Australian
Screen

an NFSA website




Fighting in Flanders (1917)

  1. I loved the movies, found them very emotive! I note the height of most of our blokes. I understand that in WW1, they were selected on that basis? It was like looking at ghosts, and I felt the same when I visited Villers Brettoneux, a couple of years ago. You could almost see them in the Commonwealth cemetery! I believe most people know of our defeat at Gallipoli. Not so many know of the contribution made on the western front. Australians won that war.

  2. #1 from acotrel – 8 years, 7 months ago.
  3. I just came across the archival footage on this page. It has had quite a big emotional impact on me, quite to my surprise.

    I have been doing sporadic research into the life of my grandfather, Charles Gordon Cone, for some years.

    On September 17, 1917 he was awarded the Military Medal for bravery under fire when he took the first supply wagon up the Menin Rd and came under heavy shell fire at Hell Corner.

    The thought that he might be in this film clip has been quite overwhelming. Thanks for making it available.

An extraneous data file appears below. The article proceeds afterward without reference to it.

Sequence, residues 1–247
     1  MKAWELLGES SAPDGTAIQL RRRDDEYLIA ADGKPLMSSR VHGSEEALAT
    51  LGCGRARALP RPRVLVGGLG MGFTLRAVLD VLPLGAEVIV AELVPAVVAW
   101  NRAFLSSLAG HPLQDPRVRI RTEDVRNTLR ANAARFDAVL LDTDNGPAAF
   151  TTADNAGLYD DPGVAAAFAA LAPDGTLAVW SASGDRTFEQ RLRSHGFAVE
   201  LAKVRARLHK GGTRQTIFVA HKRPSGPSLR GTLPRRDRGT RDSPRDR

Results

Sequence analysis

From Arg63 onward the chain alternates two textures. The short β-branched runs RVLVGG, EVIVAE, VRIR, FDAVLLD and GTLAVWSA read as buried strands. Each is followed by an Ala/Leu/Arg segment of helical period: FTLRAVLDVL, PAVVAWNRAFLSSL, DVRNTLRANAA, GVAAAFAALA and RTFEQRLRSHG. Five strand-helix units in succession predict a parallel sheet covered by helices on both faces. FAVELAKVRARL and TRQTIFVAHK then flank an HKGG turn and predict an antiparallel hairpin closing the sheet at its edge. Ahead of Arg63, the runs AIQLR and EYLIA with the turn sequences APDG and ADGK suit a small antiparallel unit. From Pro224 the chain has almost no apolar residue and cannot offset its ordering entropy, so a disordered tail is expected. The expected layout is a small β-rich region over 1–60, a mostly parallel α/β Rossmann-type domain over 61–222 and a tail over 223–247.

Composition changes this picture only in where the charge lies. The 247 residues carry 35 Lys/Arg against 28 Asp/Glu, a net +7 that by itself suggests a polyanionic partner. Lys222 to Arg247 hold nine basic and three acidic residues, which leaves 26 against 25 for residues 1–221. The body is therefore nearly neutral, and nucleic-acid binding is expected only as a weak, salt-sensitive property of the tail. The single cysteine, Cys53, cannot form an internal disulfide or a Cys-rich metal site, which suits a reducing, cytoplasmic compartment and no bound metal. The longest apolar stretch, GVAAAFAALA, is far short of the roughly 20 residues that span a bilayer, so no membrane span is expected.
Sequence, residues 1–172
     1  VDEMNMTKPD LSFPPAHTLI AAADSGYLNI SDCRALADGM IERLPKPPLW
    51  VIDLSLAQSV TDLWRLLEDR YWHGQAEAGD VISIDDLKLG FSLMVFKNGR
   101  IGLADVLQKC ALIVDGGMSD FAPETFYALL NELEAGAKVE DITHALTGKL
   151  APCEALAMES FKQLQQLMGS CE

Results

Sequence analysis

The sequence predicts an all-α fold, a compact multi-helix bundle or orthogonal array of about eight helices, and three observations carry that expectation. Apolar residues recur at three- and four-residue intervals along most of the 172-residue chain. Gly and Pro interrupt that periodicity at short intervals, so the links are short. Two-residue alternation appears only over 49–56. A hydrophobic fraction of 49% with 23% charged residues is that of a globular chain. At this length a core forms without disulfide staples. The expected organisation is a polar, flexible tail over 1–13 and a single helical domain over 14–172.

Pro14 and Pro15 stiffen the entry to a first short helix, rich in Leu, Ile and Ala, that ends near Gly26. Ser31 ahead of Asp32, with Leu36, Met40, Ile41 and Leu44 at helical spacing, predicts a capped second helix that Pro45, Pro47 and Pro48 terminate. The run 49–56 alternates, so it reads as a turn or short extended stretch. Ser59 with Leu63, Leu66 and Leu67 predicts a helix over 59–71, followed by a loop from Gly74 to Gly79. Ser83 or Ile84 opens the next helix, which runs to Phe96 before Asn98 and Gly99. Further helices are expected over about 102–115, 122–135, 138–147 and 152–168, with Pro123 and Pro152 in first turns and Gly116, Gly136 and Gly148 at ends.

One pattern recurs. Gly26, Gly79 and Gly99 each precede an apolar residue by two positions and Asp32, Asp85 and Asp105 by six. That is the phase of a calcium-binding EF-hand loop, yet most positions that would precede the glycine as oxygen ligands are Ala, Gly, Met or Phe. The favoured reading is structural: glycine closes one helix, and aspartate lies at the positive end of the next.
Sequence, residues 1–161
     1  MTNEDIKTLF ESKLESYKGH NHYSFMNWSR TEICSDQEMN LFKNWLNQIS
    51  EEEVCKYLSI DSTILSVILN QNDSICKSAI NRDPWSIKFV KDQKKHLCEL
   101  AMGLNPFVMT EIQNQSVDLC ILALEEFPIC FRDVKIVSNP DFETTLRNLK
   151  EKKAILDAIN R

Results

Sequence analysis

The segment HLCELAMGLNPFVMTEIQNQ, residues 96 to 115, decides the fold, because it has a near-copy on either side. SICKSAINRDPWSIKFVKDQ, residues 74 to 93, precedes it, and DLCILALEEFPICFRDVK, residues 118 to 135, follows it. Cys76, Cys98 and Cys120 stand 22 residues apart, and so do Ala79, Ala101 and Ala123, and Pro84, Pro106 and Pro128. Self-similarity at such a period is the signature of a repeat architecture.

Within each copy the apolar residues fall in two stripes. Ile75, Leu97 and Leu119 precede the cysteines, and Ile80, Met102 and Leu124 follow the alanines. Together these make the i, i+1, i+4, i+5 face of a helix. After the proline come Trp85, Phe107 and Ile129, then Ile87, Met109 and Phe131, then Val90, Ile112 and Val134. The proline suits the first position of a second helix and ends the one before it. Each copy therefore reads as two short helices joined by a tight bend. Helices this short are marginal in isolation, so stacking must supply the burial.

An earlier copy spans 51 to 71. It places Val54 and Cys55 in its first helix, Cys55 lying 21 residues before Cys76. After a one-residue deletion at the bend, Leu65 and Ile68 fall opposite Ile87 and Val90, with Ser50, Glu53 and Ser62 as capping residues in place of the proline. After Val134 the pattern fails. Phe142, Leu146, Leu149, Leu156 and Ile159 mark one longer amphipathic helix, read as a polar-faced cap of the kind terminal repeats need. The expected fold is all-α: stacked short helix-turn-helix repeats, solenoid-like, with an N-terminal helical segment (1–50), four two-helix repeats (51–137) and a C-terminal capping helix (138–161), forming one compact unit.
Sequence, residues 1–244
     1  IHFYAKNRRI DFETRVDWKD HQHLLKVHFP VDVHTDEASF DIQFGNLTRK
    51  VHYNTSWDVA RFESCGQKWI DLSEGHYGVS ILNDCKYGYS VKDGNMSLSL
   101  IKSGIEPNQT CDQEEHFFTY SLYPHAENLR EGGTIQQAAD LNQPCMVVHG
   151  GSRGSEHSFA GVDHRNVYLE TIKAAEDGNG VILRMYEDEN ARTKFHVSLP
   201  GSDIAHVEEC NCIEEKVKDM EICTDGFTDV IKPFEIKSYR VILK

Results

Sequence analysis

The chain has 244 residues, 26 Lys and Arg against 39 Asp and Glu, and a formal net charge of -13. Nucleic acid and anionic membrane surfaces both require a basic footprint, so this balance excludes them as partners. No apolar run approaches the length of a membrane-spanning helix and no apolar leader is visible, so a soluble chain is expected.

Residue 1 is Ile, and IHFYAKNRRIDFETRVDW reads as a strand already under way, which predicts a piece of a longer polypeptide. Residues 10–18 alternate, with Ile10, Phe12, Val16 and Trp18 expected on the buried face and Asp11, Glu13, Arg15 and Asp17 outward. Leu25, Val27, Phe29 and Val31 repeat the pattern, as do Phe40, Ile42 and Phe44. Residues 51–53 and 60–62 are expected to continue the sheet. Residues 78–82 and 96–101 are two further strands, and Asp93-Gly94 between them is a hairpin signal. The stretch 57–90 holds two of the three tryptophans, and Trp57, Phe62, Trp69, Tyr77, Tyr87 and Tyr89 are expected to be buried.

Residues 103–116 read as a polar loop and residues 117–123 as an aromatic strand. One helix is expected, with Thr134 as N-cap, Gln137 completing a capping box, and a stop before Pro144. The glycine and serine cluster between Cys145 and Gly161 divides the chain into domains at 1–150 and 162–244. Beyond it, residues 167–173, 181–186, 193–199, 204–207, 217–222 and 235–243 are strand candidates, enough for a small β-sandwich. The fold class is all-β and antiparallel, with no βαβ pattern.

Posted on behalf of Rob Young

  4. #2 from Editor – 8 years, 7 months ago.
  5. I too have been doing some research (in preparation for a visit to northern France early next year) into the war history of my great uncle, John Archibald Cameron, who died of bronc pnemonia on 26th Nov 1918 in the 3rd AGH in Abbeville, France. According to his service history he was admitted to hospital on Nov 11th, the day the German army surrendered.

    John Cameron serviced with the 8th Light Trench Mortar Battery attached to the 32nd Battalion, 5th Division. I believe, through my research, that he saw action at Fromelles, Polygon Wood and Saint Quentin Canal. But I'm not sure, yet, about the accuracy of my research

    To find footage such as this that may, or may not, feature a loved one, allows us the luxury of imagining what their existance must have been like.

    In the 2 years that my great uncle was in France, he was injured in the leg from a bomb explosion less than 2 weeks after his arrival, had trench feet twice, scabies once, and was hospitalised for influenza twice before the fateful last trip in Nov 1918. Jack died aged 21.

    Thank you for allowing me to visualise such a personal episode in our family's history as well as our nation's.

  6. #3 from Roberts – 8 years, 7 months ago.
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